Uninhabited islands and tranquil coves are found round almost every corner and Countless bluffs, ledges and pocket beaches are perfect for pulling up a comfy camp chair and a good book.

Hot summer days can bring a craving for a refreshing freshwater dip, and Desolation Sound caters to us here as well. Paddle up to a quiet cove, leave your kayaks above the high tide line, and follow mossy trails beneath towering trees to hidden lakes undetectable from the ocean below.

5/ Great Summer Weather

Coastal British Columbia is known as a temperate rainforest, which means that during the cooler, winter months we see a lot of precipitation. Few people know however, that from mid-June to late-July BC actually has the driest weather in all of Canada – and without the muggy, 40-degree temperatures that can be found elsewhere as well!

Long, summer days warming to temps in the mid-twenties celsius are the norm out here in July and August, and couples with water temperatures topping 20 degrees you could be forgiven for thinking your are sitting on a nice southern beach if it were not for the preponderance of granite instead of yellow sand.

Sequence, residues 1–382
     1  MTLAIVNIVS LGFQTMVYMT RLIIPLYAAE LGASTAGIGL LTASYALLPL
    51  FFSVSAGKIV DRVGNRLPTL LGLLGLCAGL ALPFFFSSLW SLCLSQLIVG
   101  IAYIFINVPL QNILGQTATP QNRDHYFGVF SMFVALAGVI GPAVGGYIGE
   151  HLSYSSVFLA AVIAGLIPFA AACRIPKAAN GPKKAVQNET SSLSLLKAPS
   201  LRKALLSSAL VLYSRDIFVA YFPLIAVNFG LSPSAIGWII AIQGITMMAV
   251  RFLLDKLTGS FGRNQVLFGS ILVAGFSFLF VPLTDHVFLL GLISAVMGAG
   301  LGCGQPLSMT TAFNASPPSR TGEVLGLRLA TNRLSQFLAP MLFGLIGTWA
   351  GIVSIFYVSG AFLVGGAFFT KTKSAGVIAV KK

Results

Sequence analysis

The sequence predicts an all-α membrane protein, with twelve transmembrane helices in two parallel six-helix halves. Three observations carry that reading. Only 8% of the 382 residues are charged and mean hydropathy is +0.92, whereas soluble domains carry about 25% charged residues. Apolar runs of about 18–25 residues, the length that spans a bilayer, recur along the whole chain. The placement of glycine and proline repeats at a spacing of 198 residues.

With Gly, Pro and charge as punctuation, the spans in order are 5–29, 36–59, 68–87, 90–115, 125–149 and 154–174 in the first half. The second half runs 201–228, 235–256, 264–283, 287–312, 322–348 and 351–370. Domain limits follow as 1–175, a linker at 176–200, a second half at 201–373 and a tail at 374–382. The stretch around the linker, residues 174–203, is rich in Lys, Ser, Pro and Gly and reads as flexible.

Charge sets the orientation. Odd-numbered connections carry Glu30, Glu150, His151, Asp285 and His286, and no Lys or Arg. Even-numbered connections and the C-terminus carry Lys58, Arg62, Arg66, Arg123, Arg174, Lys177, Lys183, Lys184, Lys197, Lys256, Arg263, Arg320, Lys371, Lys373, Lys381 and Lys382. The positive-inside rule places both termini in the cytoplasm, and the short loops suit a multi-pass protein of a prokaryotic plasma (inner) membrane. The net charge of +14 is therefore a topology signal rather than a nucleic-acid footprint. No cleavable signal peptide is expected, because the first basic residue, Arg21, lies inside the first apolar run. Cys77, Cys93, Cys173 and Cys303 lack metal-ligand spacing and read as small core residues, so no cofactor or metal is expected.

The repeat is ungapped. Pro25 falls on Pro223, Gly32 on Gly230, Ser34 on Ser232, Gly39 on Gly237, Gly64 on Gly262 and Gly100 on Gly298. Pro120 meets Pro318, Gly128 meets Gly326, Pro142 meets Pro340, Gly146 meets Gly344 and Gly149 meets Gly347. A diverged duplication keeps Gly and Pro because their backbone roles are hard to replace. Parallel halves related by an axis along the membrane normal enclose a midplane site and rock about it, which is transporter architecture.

Less clouds also gives way to more epic sunsets, something that Powell River and Desolation Sound is increasingly becoming famous for in the age of social media. Deep reds, oranges and yellows dance slowly across the summer sky, the perfect ending to another spectacularly perfect day in paradise.

A guest watches the sunset from her kayak on a multi-day camping tour

6/ Increasingly Diverse Wildlife

We’ve always been proud of the wildlife viewing opportunities in Desolation Sound – from colourful intertidal invertebrates to transient orcas to bears and other terrestrial mammals on the forested shores.

In recent years however we have certainly noticed an uptick of some very exciting sightings. Most recently, humpback whales have been returning to the waters inside Vancouver Island in huge populations every summer for the first time since they were effectively whaled out in the early 20th century. This suggests not only a greater respect for these magnificent creatures from human populations, but also an abundance of microscopic food sources that these humongous animals consume!

7/ Fascinating Local History

Desolation Sound has been home to human inhabitants for over 10 000 years. We acknowledge the traditional stewards of this land – the Sliammon, Klahoose and Homalco – in which we paddle, hike and enjoy so much today. Indeed, there are many illustrations of this cultural and spiritual history past that we can still see and marvel at today – from pictographs in Homfray Channel to clam gardens in Okeover Inlet and shell middens in Prideaux Haven.